Japanese company rolls out anti-groping device to shame sexual harassers. Writing instrument and stamp company Shachihata has launched an anti-groping device to help mark sexual harassers on public transport in Japan. The device allows victims to imprint their assailants with an invisible ink stamp in the shape of a hand - visible only under the UV light. The limited run of 500 stamps, retailing at $25, sold out in 30 minutes. In May, Shachihata announced it would develop the product after social media exploded with conversations around the groping problem in Japan’s public transport. Japan’s trains are notorious for gropers, or ‘chikan’ in Japanese, as the island country is ranked 110th out of 149 countries in the World Economic Forum’s 2018 Global Gender Gap Index. According to the Tokyo Metropolitan Police, there were 1,750 cases of groping, mostly on trains or at stations, registered in 2017. Most cases go unreported as victims are often too afraid to come forward, out of fear of retribution and public shaming. Japan has been grappling with the issues of sexual harassment. Two decades ago, the country introduced female-only cars in its trains to ensure the safety of women passengers. In 2009, anti-groping cameras were fitted on Tokyo’s commuter trains to the same end. However, the sexual crimes continue unabated till date.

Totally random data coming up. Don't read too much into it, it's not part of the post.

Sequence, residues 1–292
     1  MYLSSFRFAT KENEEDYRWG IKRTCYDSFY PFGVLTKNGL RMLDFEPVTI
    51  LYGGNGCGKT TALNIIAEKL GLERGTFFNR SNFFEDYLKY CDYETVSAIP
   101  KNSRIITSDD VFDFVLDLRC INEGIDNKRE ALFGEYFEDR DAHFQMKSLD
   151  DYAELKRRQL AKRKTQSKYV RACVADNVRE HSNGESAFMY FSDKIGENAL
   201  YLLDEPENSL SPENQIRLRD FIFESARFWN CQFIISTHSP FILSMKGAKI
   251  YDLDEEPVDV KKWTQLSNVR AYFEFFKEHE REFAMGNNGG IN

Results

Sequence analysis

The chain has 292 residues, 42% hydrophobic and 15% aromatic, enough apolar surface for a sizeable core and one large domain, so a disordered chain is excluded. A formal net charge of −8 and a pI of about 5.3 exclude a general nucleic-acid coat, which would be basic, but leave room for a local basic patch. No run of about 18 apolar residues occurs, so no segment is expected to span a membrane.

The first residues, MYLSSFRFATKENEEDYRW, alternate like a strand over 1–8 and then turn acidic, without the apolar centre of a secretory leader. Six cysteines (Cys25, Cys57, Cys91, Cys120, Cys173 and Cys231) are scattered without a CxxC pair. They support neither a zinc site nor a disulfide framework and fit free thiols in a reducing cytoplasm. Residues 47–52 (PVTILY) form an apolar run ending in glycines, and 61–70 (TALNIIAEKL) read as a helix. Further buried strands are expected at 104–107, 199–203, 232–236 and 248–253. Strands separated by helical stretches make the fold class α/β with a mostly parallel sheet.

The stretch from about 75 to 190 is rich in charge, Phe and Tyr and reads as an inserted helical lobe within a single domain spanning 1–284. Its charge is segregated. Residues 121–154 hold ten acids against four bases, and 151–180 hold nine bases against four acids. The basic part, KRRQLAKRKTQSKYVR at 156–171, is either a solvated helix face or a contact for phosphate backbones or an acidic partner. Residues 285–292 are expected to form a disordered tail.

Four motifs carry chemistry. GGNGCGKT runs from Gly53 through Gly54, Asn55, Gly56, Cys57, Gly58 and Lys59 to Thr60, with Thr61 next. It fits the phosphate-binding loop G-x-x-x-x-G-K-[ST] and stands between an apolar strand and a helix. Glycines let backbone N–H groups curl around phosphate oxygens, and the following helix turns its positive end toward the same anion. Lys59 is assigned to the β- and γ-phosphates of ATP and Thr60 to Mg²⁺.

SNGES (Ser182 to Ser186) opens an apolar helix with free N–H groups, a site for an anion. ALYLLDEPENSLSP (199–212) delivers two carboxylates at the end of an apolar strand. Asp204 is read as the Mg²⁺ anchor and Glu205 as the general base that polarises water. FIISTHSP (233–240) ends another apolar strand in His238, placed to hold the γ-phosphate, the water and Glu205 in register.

- What's the difference between :
- Shame on you
- It's a shame that I missed that.
- What is the noun of to harass
- What is UV an acronym of
- How do you pronounce infamous?
- Which word means something keeps going on and on and nothing is done to stop it or prevent it.
What's the difference